Unlike in Iran, the Saudi Wahabite hierarchy has no aims of becoming a theocracy.

In its initial form, the Wahabite doctrine did not aspire to cover a political role within society, but just a religious one. It was the founder of the Muslim Brothers, Hassan al Banna whom, initially inspired by Wahabism, introduced the political use of Islam. The same was true of his successor at the helm of the Egyptian confraternity, Sayed al Qutb, who was eliminated by Gamal Nasser in 1966.

The Wahabite clergy plays an important role in legitimizing the power of the ruling Saudi dynasty. The King governs in observance of the laws of Islam and the clergy has the role of certifying the conformity of every law or initiative with the Sharia, the Islamic law. This puts the King in a relationship of inferiority with respect to the clergy and its critique. Another important detail: The King also has a role of "Custodian of the two sacred places" (Mecca and Medina), thus concentrating upon himself both the political power and the religious legitimacy.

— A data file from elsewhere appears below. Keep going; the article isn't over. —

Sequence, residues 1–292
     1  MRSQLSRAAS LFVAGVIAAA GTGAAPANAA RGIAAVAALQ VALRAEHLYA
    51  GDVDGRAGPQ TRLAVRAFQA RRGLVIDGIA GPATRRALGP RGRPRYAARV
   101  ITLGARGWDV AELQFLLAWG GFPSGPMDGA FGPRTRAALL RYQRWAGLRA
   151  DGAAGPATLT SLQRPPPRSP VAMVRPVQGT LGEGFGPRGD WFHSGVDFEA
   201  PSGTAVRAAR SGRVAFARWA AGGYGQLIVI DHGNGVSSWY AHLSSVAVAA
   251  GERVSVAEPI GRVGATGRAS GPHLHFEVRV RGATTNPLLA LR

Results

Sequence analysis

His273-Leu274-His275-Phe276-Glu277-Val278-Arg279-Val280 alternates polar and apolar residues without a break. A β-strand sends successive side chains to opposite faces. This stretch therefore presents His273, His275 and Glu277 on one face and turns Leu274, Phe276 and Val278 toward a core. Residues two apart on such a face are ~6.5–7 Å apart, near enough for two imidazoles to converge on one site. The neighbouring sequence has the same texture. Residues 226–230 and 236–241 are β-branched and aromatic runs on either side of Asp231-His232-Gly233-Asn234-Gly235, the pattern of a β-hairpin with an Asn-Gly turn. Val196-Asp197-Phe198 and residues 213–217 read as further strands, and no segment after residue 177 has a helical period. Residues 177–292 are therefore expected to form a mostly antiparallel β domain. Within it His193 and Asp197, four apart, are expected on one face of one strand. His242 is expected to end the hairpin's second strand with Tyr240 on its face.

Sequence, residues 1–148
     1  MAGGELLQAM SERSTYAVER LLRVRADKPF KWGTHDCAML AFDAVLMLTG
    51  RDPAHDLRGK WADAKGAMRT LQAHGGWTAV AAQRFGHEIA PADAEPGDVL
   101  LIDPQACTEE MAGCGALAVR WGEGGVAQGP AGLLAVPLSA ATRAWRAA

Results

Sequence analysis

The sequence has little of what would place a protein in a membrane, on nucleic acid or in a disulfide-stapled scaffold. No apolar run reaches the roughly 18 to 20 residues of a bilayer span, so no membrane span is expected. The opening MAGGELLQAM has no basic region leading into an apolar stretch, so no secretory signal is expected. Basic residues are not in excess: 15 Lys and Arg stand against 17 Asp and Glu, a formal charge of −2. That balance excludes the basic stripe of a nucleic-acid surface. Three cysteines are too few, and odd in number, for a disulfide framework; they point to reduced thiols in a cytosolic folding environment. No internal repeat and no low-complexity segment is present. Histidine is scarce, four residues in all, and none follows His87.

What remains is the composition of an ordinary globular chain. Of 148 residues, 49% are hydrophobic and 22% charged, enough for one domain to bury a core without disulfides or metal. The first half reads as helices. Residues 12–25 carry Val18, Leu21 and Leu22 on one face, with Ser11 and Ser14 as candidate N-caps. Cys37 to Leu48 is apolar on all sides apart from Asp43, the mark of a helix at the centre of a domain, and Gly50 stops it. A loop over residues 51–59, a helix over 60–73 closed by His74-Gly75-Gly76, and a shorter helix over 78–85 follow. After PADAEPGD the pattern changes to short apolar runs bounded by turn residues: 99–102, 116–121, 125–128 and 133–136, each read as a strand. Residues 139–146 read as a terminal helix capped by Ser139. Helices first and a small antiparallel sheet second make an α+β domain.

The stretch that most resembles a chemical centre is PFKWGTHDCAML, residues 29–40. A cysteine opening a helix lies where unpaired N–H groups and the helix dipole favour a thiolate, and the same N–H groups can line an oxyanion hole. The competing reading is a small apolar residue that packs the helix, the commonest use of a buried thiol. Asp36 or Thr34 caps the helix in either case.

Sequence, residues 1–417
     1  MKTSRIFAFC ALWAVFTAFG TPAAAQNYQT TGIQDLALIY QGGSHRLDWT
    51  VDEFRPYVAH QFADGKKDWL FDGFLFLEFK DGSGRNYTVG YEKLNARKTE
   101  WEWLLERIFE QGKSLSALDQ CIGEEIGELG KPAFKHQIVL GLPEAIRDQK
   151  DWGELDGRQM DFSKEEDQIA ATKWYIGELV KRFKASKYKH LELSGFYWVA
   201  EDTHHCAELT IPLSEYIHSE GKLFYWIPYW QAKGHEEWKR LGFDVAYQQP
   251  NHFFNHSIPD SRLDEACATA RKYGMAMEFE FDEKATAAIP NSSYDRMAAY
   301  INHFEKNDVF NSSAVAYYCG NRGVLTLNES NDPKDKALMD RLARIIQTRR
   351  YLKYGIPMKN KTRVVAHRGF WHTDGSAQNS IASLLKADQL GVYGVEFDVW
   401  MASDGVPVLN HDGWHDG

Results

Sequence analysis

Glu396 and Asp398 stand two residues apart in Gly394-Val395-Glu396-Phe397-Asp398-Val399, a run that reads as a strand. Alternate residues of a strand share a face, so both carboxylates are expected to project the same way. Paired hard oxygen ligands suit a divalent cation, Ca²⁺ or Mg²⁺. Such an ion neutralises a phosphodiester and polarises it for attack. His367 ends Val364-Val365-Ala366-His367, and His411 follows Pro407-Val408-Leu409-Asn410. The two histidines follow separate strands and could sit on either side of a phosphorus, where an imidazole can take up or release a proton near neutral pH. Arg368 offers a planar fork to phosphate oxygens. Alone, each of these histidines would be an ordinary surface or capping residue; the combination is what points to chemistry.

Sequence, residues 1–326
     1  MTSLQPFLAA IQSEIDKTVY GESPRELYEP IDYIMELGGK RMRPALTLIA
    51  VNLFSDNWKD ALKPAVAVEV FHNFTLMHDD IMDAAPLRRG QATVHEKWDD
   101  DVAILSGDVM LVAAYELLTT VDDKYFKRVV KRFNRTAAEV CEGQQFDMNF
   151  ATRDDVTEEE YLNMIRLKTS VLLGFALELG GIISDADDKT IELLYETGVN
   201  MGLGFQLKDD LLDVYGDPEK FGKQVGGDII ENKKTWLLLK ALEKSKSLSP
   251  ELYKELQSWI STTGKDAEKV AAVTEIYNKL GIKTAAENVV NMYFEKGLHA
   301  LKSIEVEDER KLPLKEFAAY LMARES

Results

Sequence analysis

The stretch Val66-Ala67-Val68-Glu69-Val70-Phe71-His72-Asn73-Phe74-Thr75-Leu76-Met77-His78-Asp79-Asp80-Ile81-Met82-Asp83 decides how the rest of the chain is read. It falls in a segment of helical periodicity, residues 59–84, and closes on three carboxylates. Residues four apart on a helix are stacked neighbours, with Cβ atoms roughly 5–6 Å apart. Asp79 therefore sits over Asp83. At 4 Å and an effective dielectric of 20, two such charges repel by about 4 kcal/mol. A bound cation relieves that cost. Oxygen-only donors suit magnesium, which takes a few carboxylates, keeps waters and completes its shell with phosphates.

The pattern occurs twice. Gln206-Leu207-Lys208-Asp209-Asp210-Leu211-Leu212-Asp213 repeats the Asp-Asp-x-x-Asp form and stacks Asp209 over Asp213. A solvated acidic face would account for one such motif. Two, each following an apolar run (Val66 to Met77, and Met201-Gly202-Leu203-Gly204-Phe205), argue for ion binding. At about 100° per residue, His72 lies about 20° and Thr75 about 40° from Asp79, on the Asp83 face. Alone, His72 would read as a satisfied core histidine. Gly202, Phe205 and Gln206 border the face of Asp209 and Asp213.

The cohabitation of the dynastic power and the clergy will exist as long as every part respects the boundaries of its sphere of influence and does not oppose the other. The temporal power of the King has always contrasted the extremism of orthodox Wahabism when it out-stepped its boundaries.

The existence, within the royal court of the "Supreme Council of the Ulemas", with its members appointed by the King, is an attempt to subdue the clergy to the needs of the monarchy. In Saudi Arabia the minister of justice is traditionally chosen among the descendants of Abd al Wahab. In 1993 a Ministry of Religious Affairs was founded, which checks upon the clergy, the charitable organizations and the Universities.